Another marathon, slower than I wanted it to be

Magically the rain of last night had vanished when I awoke at 4am.


☑ No Rain
☑ Light meal
☑ Body de-chafed
☑ HR monitor (Brrr) and watch
☑ Bib and chip
☑ Race food loaded
☑ 7 “Final” trips to the bathroom

It was actually rather pleasant, and when the sun rose over the race start, the light on the mountains was lovely.

But we weren’t there for the light. And then the race started.

Of course we all went out too fast. After about 100m my watch said I was running at a 6 minute pace (didn’t feel like it, of course) and I wanted to run the first mile at 7:15. So I slowed way down. Plenty of people passed me then.

Once out of the school parking lot the course goes steeply downhill and it’s very tempting to go fast here. But I control myself, I need to warm up a bit before speeding.

And then it’s uphill. Now I start to pass a few people. People who don’t know how to race and went out far too fast for their abilities.

At the one mile mark I see I’ve run 7:14 which sounds pretty much right.

A little after then we leave Cathedral Oaks and turn the corner to run down Los Carneros. Another tempting downhill. I want to run this mile ~7:00 but it ends up as 6:46. Oopsie.

That was to be the end of the warmup, and after that I want to run 6:50s until about mile 14 or so.

Kent and Kary are running together some distance ahead. Laura is between me and them. Joy is somewhere behind. As is Travis, the 3 hour pacer. Odd, I thought he was going to be running 6:52s. Jeff and Eric are too far ahead to see.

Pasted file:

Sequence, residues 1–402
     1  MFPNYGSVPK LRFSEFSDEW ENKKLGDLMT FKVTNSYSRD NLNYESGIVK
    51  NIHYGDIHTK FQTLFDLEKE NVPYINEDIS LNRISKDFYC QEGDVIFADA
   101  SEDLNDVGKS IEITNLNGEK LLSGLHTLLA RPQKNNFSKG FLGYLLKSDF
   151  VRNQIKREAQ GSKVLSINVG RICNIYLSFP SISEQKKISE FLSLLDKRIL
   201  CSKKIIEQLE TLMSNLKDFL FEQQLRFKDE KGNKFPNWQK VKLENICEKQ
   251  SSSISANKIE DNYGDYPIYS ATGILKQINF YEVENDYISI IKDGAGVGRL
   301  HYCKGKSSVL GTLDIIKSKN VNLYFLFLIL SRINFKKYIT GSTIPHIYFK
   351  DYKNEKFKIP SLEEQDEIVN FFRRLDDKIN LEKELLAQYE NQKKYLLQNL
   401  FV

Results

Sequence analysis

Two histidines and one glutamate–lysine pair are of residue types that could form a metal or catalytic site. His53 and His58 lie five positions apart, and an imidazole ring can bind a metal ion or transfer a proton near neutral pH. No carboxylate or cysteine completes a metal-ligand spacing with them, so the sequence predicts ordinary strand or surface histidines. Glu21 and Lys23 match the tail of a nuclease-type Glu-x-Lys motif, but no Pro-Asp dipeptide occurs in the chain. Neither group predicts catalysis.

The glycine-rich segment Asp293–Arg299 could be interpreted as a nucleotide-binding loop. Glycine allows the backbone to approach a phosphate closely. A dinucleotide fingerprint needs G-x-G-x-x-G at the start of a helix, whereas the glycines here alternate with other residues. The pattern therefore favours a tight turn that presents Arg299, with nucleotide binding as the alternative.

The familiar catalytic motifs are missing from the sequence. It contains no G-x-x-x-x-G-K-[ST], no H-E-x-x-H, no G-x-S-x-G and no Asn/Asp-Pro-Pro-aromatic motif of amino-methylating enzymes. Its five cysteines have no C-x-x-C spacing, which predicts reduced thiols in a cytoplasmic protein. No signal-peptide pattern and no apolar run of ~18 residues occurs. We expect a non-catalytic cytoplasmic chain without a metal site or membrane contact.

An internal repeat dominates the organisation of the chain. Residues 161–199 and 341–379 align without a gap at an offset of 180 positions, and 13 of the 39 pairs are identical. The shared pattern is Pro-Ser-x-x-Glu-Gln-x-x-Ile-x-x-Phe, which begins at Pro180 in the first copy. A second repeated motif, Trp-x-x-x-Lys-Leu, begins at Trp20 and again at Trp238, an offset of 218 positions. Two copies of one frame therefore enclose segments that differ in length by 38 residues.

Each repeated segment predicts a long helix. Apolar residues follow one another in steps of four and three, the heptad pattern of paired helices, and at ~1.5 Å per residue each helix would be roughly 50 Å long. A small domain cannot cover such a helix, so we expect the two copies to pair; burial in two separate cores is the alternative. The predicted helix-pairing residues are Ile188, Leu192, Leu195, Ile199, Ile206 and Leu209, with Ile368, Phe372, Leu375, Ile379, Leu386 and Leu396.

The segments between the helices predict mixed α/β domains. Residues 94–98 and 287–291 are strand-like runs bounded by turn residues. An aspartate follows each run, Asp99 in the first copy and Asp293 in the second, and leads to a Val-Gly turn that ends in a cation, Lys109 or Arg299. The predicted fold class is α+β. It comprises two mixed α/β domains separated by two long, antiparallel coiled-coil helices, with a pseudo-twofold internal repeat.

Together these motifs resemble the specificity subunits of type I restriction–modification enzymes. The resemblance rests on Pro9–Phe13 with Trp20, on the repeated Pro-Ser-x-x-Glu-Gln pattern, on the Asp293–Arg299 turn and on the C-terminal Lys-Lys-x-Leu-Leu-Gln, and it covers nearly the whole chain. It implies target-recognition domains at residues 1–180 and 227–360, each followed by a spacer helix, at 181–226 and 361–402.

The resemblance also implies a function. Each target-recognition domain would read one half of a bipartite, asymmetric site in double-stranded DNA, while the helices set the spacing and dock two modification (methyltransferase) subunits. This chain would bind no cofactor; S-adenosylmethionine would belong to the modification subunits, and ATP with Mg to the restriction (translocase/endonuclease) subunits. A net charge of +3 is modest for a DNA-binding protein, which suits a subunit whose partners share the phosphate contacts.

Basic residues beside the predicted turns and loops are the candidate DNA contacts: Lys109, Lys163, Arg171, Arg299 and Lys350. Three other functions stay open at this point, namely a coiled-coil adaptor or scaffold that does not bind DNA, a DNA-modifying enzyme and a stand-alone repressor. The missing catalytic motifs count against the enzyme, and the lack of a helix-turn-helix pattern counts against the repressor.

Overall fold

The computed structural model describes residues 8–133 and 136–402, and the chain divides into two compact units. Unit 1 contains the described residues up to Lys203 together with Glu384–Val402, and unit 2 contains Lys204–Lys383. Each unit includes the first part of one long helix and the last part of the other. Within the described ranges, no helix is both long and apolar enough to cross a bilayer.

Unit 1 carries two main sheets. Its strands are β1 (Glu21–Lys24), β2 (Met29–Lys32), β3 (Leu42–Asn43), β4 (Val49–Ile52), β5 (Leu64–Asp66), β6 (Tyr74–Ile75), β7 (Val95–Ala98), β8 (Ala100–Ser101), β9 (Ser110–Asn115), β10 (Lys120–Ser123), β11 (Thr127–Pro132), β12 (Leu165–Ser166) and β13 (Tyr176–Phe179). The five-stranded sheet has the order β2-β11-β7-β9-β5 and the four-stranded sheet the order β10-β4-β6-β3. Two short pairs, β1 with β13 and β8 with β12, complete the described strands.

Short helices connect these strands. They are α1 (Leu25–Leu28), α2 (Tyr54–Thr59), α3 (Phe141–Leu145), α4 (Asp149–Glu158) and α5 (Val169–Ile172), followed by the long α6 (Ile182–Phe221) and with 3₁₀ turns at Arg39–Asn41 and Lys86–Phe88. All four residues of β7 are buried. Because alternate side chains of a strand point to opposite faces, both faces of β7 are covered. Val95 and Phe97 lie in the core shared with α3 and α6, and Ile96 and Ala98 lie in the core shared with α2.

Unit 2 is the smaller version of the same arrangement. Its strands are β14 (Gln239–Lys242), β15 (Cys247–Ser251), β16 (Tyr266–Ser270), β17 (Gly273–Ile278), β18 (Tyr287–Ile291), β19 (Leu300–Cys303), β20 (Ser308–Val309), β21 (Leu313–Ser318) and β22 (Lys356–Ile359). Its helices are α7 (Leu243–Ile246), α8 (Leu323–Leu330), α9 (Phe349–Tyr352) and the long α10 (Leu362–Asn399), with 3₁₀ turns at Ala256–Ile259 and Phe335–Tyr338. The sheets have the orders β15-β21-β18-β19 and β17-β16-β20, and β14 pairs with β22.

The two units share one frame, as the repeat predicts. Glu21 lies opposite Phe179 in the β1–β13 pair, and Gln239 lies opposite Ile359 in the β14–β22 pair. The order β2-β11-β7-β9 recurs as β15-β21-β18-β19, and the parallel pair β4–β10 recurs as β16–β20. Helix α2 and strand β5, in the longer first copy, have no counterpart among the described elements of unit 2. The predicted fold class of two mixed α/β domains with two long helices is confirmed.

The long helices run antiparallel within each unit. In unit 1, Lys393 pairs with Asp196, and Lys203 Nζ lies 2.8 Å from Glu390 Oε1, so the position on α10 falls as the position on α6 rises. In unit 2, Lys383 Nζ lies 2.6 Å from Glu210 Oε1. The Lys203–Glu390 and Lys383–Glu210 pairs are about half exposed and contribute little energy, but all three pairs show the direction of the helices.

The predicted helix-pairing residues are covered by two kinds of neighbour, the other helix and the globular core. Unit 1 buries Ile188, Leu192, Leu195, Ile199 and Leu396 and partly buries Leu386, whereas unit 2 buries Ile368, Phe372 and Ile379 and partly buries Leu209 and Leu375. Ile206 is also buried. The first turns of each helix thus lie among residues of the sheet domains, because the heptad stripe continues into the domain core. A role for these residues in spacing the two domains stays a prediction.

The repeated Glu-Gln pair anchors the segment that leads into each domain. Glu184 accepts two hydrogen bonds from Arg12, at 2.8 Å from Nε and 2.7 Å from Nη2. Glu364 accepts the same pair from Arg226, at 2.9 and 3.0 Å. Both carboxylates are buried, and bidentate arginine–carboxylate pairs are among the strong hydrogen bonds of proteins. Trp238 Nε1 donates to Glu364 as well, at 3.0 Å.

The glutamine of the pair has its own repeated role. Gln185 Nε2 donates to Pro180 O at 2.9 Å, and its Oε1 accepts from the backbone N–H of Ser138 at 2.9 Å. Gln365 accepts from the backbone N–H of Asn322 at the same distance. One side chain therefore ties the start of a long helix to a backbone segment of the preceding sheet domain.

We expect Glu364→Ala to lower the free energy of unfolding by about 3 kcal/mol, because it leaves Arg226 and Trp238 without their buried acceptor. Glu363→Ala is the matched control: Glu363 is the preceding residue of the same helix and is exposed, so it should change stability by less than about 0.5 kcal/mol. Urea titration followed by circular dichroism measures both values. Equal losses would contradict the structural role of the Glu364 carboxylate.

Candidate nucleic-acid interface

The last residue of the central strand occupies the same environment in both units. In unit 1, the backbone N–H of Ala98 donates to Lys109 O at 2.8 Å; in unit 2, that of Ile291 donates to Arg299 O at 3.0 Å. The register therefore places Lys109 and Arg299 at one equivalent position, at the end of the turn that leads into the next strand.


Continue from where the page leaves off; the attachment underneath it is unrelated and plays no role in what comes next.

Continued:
Los Carneros crosses the freeway here and there’s a steep little hill as we climb up to the bridge over it, and then a steep drop down the other side. I manage to catch up with Laura because of this.

I haven’t run with Laura in ages. It’s good to see her out again. She says she wants to run between 6:50 and 7s. A little slower than what I want but not much and we run together for a way.

Ahead of us, Kent turns off the course and into the bushes. Kent has a habit of doing this, then he comes charging out like superman from a phone booth. But not today. I do not see Kent again on the course.

Someone shouts out to us “Third or Fourth woman.” This comes as a surprise to me; I had assumed Kary was first and there isn’t anyone between Laura and Kary. Guess I was wrong. (No one shouts anything at me. Which isn’t really fair, it’s harder (by the Age Graded tables) for a 52 year old man to hold this pace than it is for a woman Laura’s (or Kary’s) age. Ah well, that’s sexism for you).